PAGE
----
The solution was to get rid of the problem. First went my service then went my grass. I gave the Southern Nevada Water Authority a call to schedule an appointment to have them assess my property. At the current time the SNWA is giving $1.50 rebate for every square foot of grass someone converts to desert landscape. Excellent. They came out, took photographs, measured and gave me all the necessary paperwork to qualify for this rebate. Included was a VERY informative CD that listed all the drought tolerant plants, how to irrigate them and even landscape ideas.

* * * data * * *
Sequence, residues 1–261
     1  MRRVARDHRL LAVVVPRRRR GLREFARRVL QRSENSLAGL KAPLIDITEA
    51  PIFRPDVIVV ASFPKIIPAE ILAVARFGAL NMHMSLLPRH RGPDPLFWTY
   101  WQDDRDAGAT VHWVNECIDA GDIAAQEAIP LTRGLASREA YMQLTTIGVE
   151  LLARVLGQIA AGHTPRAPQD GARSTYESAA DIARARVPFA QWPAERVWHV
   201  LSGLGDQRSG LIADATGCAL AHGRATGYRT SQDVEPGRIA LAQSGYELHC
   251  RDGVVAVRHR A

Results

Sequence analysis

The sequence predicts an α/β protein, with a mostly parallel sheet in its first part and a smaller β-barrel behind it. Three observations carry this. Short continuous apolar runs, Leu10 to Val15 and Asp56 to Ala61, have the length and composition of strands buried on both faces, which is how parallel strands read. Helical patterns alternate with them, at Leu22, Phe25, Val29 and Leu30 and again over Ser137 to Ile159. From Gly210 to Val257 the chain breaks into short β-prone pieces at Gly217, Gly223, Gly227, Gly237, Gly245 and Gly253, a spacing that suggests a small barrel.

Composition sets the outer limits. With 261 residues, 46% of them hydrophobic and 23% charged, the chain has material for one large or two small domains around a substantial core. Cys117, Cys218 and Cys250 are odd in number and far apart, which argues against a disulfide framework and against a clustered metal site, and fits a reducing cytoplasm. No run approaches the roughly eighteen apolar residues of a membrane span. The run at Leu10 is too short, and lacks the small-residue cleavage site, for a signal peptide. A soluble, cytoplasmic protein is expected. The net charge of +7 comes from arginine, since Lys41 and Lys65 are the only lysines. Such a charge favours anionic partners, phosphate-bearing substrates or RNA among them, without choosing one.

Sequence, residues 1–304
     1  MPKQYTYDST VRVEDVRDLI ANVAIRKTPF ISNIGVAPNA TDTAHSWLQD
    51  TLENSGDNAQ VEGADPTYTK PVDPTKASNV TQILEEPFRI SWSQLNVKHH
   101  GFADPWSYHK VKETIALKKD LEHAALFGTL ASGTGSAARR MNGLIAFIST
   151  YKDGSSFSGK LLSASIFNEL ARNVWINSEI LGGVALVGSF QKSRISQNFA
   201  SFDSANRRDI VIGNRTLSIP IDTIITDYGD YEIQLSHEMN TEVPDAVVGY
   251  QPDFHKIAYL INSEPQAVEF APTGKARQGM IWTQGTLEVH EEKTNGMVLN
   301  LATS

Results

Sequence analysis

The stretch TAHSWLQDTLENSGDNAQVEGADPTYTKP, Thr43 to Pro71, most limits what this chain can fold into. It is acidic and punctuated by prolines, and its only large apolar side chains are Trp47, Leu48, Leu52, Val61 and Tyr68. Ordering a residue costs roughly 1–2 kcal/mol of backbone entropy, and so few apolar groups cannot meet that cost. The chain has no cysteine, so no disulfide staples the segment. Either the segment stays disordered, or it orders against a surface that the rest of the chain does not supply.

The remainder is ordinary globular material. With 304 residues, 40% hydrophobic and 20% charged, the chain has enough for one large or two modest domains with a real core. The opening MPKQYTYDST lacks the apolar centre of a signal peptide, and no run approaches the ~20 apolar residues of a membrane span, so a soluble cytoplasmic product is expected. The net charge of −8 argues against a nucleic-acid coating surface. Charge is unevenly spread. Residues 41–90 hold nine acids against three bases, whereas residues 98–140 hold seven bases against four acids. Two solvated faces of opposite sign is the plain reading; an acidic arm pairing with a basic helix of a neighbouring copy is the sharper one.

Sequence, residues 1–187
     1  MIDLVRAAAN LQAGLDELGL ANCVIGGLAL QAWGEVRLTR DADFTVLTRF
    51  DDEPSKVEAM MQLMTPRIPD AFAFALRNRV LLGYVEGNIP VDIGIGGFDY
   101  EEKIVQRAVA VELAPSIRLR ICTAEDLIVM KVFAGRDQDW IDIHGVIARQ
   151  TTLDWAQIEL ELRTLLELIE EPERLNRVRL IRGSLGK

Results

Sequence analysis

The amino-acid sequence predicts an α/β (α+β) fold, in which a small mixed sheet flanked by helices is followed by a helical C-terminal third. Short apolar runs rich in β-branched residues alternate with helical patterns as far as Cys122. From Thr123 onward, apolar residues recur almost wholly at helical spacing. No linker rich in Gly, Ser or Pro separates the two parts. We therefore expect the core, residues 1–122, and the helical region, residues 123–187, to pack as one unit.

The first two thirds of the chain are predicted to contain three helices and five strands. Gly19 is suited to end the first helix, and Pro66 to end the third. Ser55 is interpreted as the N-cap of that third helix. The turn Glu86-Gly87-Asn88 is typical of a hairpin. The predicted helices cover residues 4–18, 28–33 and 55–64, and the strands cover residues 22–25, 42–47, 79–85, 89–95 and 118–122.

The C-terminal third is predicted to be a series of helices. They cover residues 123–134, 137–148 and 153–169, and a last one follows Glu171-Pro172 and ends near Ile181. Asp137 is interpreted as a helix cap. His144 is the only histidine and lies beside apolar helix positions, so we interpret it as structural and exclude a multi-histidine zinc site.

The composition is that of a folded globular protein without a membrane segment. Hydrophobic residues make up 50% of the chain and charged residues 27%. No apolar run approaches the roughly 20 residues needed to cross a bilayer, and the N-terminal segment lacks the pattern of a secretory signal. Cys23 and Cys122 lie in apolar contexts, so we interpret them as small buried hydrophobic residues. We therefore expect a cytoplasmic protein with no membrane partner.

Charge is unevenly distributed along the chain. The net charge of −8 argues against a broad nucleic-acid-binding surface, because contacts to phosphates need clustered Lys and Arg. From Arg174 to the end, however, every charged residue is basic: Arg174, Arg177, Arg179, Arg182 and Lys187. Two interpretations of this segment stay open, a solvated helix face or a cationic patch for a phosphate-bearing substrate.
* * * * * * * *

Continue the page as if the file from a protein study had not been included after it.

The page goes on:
But where to start? I needed help and I needed a plan. I called a few people I knew who I thought would be able to do landscaping. Based on the amount of square footage I was going to convert would give me a nice size rebate, but I didn’t know how to go about it. I wanted a nice design and had a few ideas in my head. I even drove around and took photos of properties whose landscape I liked. I kept my eyes open every time I went through the desert searching for the color rock I wanted to use. I went to the nursery and took photos of the plants that I liked. Luckily I didn’t really have to add plants since I already had a large mimosa tree that gave me 100% of my plant requirements.